Qualification of benefits: Critical illness benefits depend on the diagnosis of one of the policy-listed illnesses, while disability insurance benefits rely on your inability to work.

Tax implications: Critical illness gives you a lump sum tax-free cash payout, while disability coverage is calculated as a percentage of your after-tax income and is paid for a certain amount of time.

Requirement of proof of loss: Critical illness insurance generally doesn’t require any ongoing proof of loss of income, and is not affected by any other income you make, while disability insurance requires ongoing proof of loss of income. Disability insurance payments can stop when you go back to work and start earning income.

Which Critical Illness Policy Is Right For You?
Each critical illness policy has specific terms and conditions, which must be reviewed very carefully. Make sure you understand which types of illnesses are considered critical and will qualify for payment.

If your diagnosed illness is not included on the policy list, your claim may be denied by the insurance company. Also, be aware of the survival period of your policy. Critical illness policies typically have a survival period or waiting period, This is a period of time which specifies how long you must wait after you’ve received your medical diagnosis to collect the lump sum benefit from the insurance company. This period can vary from one policy to another.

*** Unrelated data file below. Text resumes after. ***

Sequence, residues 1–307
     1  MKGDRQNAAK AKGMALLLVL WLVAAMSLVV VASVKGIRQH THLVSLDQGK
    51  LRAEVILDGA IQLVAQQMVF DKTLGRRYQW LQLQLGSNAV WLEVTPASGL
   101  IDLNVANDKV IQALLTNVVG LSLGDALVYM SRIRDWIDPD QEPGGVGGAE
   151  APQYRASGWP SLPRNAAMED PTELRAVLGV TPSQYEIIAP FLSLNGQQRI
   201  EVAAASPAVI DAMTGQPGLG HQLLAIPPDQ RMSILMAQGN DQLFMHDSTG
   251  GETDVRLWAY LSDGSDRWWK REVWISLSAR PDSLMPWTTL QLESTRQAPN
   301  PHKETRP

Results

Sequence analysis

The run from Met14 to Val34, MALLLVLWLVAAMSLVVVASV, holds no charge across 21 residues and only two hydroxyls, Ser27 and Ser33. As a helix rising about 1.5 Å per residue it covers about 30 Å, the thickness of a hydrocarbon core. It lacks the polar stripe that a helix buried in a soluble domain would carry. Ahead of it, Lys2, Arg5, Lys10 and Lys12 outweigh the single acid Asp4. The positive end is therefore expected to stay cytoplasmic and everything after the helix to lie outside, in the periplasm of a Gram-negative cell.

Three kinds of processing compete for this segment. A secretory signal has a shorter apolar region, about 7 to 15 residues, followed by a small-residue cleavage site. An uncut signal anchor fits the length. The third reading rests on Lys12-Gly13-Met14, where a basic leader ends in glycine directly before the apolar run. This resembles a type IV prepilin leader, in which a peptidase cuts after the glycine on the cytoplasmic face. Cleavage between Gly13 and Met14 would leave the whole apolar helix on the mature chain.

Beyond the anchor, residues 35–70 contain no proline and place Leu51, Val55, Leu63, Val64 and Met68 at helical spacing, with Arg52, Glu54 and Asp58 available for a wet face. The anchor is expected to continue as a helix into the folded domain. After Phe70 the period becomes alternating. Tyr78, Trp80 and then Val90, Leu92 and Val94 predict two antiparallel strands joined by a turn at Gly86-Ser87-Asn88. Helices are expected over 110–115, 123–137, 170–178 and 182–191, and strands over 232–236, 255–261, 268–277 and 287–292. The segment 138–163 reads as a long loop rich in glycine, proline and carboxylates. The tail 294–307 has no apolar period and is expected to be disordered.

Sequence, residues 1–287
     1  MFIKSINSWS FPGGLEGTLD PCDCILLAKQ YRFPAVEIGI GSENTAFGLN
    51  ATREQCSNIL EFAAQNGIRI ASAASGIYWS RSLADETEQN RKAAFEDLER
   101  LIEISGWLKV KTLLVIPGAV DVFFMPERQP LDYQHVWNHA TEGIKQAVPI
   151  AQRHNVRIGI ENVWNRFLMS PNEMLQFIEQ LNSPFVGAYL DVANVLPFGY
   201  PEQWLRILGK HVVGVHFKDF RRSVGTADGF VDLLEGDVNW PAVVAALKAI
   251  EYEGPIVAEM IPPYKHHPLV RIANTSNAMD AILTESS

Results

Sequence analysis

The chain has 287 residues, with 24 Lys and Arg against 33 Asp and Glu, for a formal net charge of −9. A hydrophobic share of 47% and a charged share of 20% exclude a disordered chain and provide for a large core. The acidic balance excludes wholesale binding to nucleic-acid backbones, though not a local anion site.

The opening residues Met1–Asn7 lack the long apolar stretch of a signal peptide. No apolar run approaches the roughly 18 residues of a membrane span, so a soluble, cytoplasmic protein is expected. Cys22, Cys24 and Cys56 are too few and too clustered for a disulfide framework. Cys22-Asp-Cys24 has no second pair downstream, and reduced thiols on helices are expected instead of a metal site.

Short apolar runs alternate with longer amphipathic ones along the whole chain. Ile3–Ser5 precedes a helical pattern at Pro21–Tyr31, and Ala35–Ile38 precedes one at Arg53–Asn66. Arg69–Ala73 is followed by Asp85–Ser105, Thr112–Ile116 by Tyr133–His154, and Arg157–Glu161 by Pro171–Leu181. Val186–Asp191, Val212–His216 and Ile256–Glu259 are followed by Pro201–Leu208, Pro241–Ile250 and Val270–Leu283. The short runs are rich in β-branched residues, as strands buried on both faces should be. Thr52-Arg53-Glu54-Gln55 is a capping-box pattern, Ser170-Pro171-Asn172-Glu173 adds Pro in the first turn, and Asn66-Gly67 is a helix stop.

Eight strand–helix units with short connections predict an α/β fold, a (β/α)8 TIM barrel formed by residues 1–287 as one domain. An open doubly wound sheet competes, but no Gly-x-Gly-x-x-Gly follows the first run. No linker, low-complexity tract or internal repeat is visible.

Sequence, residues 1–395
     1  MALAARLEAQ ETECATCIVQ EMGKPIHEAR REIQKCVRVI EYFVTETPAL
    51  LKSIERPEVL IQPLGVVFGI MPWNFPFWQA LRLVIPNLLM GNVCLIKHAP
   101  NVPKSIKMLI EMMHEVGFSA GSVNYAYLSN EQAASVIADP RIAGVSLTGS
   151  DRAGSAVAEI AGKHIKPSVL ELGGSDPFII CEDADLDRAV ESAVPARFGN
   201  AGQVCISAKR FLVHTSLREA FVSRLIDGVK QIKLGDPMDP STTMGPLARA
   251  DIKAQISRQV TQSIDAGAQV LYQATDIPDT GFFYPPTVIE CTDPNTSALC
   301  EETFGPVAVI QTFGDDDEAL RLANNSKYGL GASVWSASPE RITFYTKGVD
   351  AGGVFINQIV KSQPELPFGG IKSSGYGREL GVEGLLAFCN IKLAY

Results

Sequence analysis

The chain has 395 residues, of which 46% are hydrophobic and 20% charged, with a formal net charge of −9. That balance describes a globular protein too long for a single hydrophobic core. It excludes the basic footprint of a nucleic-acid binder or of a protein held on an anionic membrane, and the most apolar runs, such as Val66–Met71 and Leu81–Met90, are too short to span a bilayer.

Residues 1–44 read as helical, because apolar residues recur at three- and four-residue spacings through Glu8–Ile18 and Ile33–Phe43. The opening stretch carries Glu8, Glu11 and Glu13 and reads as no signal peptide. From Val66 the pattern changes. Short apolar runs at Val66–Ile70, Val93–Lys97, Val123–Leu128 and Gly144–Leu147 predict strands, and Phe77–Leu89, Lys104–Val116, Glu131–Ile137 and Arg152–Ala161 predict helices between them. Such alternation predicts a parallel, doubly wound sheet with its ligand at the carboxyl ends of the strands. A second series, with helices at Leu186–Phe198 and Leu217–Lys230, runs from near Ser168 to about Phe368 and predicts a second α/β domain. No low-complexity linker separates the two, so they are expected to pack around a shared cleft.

Be sure to ask all your questions before buying a critical illness policy. This is where an insurance agent can be a valuable resource. They can help you understand the language in your policy, explain the specific terms and conditions, and guide your decision around which critical insurance policy is right for you.

Heart Disease Life Insurance | Reading PA – If you have heart disease or heart disease runs in your family, it’s important for you to plan ahead for your family’s financial future. Because heart disease is the No. 1 cause for death in the United States, it’s important to keep track of your heart health and make sure that you have preparations in place for your family.

When considering whether or not you need life insurance, ask yourself some simple questions. If you passed away, would your family be able to afford the mortgage to keep their home? Would your family have money for basic necessities like food and clothing? Would your children be able to go to college? All of these situations are important to consider as you’re making the decision for your coverage.

If you answered no to any of these questions, it’s important for you to seriously consider getting coverage for you and protection your family’s financial future.

Term life insurance provides coverage for your family in the event of your death so that they can still afford expenses like the mortgage payment, groceries and college tuition. By planning ahead and putting these protections in place, you are guaranteeing your family the future you planned to have together, even if you are not able to be there. If you are an income provider, term life insurance will cover your family by providing them with your missing income so that they are able to pay bills and live comfortably.